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Originally published April 9, 2010 at 7:40 PM | Page modified April 10, 2010 at 11:12 AM

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Network of wealthy wants to pay more taxes

Some rich Americans are leading a tax revolt of sorts — to pay more, not less.

Seattle Times business reporter

Some rich Americans are leading a tax revolt of sorts — to pay more, not less.

Judy Pigott, a Seattle author, philanthropist and an heir to the Paccar fortune, is among the group of wealthy individuals calling on Congress to end tax breaks that have enriched people like her.

They have signed a Tax Fairness Pledge to take the money they saved as part of tax cuts enacted under President George W. Bush and donate it to groups working to overturn those policies.

The tax cuts were "based on the erroneous assumption that the trickle-down effect would somehow benefit everyone," Pigott said. "What we have now is the greatest wealth disparity since the Great Depression."

She is part of a group called Responsible Wealth, a project of the nonprofit United for a Fair Economy. The network of 700 people who are among the wealthiest 5 percent in the U.S. includes Jeffrey Hollender, the co-founder of Seventh Generation natural products, and Eric Schoenberg, an economist at Columbia University and former investment banker.

United for a Fair Economy, which has worked to prevent permanent repeal of the estate tax, is trying to counteract "Tea Party" protests over higher taxes, and the group argues that eliminating tax cuts for the wealthiest Americans is one solution to the country's deficit.

They want Congress to restore the 39.6 percent and 36 percent rates on the highest income earners and end special treatment of dividends and capital gains.

People in the top 5 percent received almost half of the Bush tax cuts, Pigott said, a figure that amounts to more than half of the current $1.5 trillion deficit. She has supported the effort for four years. Last year she donated about $600,000, half of which was savings from tax cuts, she said.

Why not just keep giving the surplus away?

"I think it is the national government that can deal with clean air, water, national transportation systems, education," she said. "I see those things are in trouble on a state level and on a national level because we don't have the money. Yes, we can do a lot, but we can't do what the federal government can do."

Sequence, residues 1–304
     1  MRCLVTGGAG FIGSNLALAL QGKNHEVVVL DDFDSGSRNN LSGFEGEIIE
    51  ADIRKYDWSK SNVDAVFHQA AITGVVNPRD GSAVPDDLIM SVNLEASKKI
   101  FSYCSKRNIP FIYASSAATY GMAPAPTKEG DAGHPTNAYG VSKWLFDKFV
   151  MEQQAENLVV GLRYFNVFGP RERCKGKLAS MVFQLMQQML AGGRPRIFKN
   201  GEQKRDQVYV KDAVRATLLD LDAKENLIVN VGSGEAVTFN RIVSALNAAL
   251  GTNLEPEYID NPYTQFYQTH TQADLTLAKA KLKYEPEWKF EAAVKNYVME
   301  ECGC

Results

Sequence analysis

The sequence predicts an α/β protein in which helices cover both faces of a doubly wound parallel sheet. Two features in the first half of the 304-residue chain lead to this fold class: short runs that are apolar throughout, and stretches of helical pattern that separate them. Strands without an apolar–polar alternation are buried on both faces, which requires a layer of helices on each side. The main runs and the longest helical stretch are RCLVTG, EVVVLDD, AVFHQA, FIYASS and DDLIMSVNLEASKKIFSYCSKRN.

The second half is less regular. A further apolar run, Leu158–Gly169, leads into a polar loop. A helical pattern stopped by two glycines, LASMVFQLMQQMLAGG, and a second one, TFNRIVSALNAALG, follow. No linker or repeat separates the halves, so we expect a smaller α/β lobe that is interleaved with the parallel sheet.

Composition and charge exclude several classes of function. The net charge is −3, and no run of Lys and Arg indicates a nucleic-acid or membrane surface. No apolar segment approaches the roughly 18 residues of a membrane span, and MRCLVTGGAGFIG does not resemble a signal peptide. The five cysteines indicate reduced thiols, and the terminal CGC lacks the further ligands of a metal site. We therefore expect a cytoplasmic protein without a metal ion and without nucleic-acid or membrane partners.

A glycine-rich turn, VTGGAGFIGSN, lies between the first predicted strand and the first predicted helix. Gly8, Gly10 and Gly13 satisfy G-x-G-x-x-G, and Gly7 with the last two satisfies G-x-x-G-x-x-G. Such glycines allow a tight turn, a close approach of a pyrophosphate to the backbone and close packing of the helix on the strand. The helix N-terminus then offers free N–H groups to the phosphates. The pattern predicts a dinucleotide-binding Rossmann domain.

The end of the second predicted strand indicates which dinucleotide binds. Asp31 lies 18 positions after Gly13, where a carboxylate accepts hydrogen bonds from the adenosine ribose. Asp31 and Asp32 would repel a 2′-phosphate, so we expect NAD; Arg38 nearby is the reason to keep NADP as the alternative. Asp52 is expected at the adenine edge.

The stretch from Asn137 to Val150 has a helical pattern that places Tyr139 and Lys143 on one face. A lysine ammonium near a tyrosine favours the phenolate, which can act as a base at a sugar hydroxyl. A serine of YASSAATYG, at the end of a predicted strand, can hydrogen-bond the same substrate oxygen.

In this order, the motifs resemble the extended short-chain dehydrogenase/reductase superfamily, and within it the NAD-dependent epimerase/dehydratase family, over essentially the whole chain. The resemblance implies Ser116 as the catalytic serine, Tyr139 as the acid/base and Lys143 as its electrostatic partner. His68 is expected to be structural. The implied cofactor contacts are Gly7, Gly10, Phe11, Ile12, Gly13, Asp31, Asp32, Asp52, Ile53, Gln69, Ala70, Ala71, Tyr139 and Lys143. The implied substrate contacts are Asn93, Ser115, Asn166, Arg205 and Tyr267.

Pigott, co-founder of Personal Safety Nets, is the daughter of the late Formula One race-car driver Pat Pigott and the granddaughter of Paul Pigott, who owned the truck company that is now Paccar. Paccar CEO Mark Pigott is one of her cousins.

Asked whether she has approached members of her family about the tax cuts, Judy Pigott said she has talked to her cousins. "I'll just say we have a large enough family that we cover all points of view and a solid enough family that we can agree to disagree."

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Another member of the network is Arul Menezes, who came to the U.S. as a graduate student with $250 and earned his wealth over the past 20 years at Microsoft. Investments made decades ago created the universities and research systems that helped him succeed, he said.

Menezes said that while the tax cuts have saved him more than $20,000 a year, he worries about the long-term impact.

"The tax cut was paid for entirely with borrowing," he said, while funding for schools, roads and research was cut. With a deficit of about $1.5 trillion, "that's just robbing the bank."

Menezes said he has stepped up his charitable giving. But that won't have the same effect as reworking the tax system, he said.

"It embarrasses me to go into a grocery store and know that the person at the checkout stand is paying a higher tax rate than I am," he said.

Kristi Heim: 206-464-2718 or kheim@seattletimes.com

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